Tuesday, March 30, 2010
While I was waiting for the beaver to reappear a robin started chirping by the observation tower. That is the first robin of the year for me. I got a blurry photo of my bird, a male, sitting on top of a spruce tree. There was another one calling further away toward Maxwell Lake.
Sunday, March 28, 2010
Sometimes a woodpecker pair will return years later to an old abandoned start and complete it for use as a nest cavity. There's some evidence to suggest that the original test hole might have actually introduced the fungus to the tree, in which case the woodpeckers are helping their own cause. Clearly the original tree met their requirements, but it didn't have enough rot. No problem, just inoculate the tree and come back later. A neat process to ensure a long-term supply of suitable nest trees.
I've watched squirrels clipping the tips. They're pretty quick, clipping the twig, turning it to bite off the bud, and dropping it almost in one motion. The first time I watched this activity I had a hard time picking up the bud removal part even with binoculars. To complicate things, sometimes the squirrel clips the twig and just drops it. I don't know if that's deliberate, but I suspect it is. Maybe the squirrels can discern whether or not the bud is a good one, or maybe the protective nest of needles on some buds is too much trouble.
Monday, March 22, 2010
After I hung the second box I detoured off the trail to check one of my old pileated woodpecker cavity trees and got rewarded when a boreal owl stuck it's head out of the hole right at dusk. It didn't stay at the entrance for more than 15 seconds and no amount of scratching on the tree could get it to look out again. There were downy feathers stuck to the entrance which could mean this little owl might have been using that woodpecker hole for some time. Two owls in one evening was pretty good fortune in my books. Some of the Whisky-jack club folks went out last Saturday night and got a northern saw-whet owl calling on the downstream boardwalk loop along Happy Creek. This is the time of year when one is most likely to find an owl or two calling from just before dark on into the night.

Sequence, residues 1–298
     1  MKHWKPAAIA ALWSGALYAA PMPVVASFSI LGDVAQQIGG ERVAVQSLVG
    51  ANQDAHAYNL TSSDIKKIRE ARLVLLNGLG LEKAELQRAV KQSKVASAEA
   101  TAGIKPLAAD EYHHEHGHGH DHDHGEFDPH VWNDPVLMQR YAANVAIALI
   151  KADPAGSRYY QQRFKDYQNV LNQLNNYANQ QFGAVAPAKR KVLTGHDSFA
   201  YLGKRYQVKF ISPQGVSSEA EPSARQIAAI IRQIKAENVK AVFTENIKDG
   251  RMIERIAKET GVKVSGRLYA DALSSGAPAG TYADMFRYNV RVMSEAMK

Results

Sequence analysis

Sunday, March 14, 2010
It was pretty windy, so the photo looks a little messy from all the windblown dirt. That will fall to the lake bottom when the ice melts and the platform will look even better when the grass sprouts.
While I was there a troupe of chickadees was calling over by the lake tower, and several birds were noisily calling the "fee-bee" song that's always an early sign of spring. Pussywillows are out too at the end of the lake. All we need is an extended period of warm days and winter's grip will be broken.
Wednesday, March 3, 2010
Every spring I watch for the arrival of the thrush cousins, the American robin and the varied thrush. It seems to be a race between the two - some years the robin arrives first and others it's the thrush. Sometime in the second week of April is about right for Hinton. Who will be first in 2010?
This weekend I'm going to put up some duck nesting boxes around Maxwell Lake in the hope that a few cavity-nesting species such as the common goldeneye and bufflehead will make the area their home this spring. Watch for the boxes mounted on trees and let me know if you see any ducks entering or leaving.